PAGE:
Published: Fri, August 11, 2017
Research | By Jo Caldwell

South Bay Professor Finds 13 Million Year Old Ape Skull

South Bay Professor Finds 13 Million Year Old Ape Skull

The lemon-sized skull was discovered in Kenya by an global team of researchers, and was dated to the middle of the Miocene era, a little-understood time when many species of ape arose in Africa, including common ancestors of both modern apes and humans. They first appear in the fossil record during the end of the Oligocene geological epoch in Africa (from about 33.9 million to 23 million years ago) and persisted until perhaps the late Miocene.

Alesi's skull is the most complete ape cranium fossil from an extinct species ever found, the researchers wrote in an article announcing the new discovery published Wednesday in the journal Nature.

Paleontologists have found bits of teeth and jaws from apes that lived during the Miocene, but traces of their skulls and limbs are exceptionally rare.

The tiny Alesi skull is 13 million years old.

While a lot is known about human evolution since we split from chimps about seven million years ago, little was known about common ancestors from before 10 million years ago.

The team used an extremely sensitive form of 3-D X-ray to peek inside the skull, revealing information that led them to conclude the skull belonged to an infant one to four months old when it died. As such, researchers were not sure what the last common ancestors of living apes and humans might have looked like, and even whether they originated in Africa or Eurasia. "What the discovery of Alesi shows is that this group was close to the origin of living apes and humans and that this origin was African".

The shape of the unerupted adult teeth revealed that Alesi belonged to a genus, or group of species, known as Nyanzapithecus, a sister group to the hominoids that was discovered about 30 years ago.

"More fossil prospecting at the Napudet site is well worth it since the chances of finding really exciting stuff there are very high", he added. Modern gibbons are smaller apes and somewhat resemble monkeys, but they are tailless like other apes.

The dating of the skull was done by analyzing the rock layer from which the fossil was pulled, and by measuring the argon isotopes. Numerous most informative parts of the skull are preserved inside the fossil, and to make these visible the team used an extremely sensitive form of 3D X-ray imaging at the synchrotron facility in Grenoble, France. The researchers established this age by counting the layers within the fossilized dental structures, a process akin to counting tree rings. "It has therefore been hard to find answers to two fundamental questions: Did the common ancestor of living apes and humans originate in Africa, and what did these early ancestors look like?" "This complete skull - it is now forever going to be a touchstone for all future studies in primate evolution and growth and development in the apes, so it's fantastic in that way". However, the size of the skull and teeth do suggest that if Alesi had reached adulthood, it would have weighed about 24.9 lbs.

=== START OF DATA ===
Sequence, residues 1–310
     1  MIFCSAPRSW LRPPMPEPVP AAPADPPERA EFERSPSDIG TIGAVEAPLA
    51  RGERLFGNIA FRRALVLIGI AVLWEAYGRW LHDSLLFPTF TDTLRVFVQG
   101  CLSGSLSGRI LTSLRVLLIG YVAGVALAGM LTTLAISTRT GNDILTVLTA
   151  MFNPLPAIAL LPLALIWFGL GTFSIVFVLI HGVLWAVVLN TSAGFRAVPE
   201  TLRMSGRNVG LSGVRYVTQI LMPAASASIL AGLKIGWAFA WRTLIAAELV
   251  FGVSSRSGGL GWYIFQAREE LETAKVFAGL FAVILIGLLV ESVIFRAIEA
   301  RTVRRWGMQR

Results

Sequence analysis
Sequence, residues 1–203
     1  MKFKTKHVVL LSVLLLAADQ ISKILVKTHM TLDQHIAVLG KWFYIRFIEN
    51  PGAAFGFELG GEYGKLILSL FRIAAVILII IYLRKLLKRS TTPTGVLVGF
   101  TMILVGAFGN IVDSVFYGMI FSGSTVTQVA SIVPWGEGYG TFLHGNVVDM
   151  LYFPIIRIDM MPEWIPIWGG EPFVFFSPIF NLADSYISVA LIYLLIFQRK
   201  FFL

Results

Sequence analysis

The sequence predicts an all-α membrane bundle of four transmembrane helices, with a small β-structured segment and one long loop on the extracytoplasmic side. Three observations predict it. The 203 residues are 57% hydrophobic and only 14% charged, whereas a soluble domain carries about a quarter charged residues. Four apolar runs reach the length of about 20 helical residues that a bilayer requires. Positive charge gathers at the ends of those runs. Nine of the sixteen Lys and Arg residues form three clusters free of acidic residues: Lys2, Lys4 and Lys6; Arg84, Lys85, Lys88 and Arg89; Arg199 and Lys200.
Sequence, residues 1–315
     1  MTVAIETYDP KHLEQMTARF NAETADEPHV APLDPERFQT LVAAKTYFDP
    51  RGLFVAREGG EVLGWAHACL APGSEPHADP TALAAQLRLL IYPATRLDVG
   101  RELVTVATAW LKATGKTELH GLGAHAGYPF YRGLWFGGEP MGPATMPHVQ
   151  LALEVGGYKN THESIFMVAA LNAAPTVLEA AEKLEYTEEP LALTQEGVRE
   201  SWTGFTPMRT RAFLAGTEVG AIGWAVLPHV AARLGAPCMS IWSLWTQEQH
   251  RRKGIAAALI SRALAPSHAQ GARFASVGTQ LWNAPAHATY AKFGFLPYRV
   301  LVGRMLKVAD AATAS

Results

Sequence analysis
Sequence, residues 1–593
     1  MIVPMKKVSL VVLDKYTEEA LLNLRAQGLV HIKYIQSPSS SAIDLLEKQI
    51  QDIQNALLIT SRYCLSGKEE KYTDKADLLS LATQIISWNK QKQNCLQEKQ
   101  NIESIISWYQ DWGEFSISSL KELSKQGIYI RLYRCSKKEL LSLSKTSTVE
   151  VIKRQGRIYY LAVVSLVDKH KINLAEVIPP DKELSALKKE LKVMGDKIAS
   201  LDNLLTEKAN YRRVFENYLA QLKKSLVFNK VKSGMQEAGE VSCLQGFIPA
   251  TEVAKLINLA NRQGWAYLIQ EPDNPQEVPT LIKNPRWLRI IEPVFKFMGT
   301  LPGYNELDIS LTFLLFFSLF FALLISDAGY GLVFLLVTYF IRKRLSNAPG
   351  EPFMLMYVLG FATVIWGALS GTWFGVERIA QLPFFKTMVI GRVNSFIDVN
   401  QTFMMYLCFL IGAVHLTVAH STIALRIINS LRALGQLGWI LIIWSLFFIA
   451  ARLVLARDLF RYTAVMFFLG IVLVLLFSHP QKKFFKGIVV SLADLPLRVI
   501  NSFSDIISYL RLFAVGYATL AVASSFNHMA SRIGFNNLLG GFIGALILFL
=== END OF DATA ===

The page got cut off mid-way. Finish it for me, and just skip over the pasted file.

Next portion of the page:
However, gibbons swing through trees and launch themselves from one branch to another.

The research team believes the ape's cranium suggests that it was slower and less agile than the more acrobatic, arm-swinging apes like the gibbon.

"The living apes are found all across Africa and Asia-chimps and gorillas in Africa, orangutans and gibbons in Asia-and there are many fossil apes found on both continents, and Europe as well", Christopher Gilbert, paleoanthropologist at Hunter College in NY and co-author of the paper, tells Choi. Gibbon ancestors are thought to have diverged from precursors of living great apes and humans between 20 million and 15 million years ago, Alba says.

"The authors claim that Nyanzapithecus is the closest thing we know to the last common ancestor of all living apes", Begun told Gizmodo. He tells Dvorsky that he believes other ape specimens, including Proconsul and Ekembo are also good candidates for being the last common ancestor. It is about the size of a lemon, and the species is named Nyanzapithecus alesi.

It's always been known that apes and humans share a common ancestor, but not a lot is known about what that ancestor was and where it came from.

So the debate continues, as does the paleontology.

Here's ESRF's video about the discovery of Nyanzapithecus alesi. "It was much older than that".

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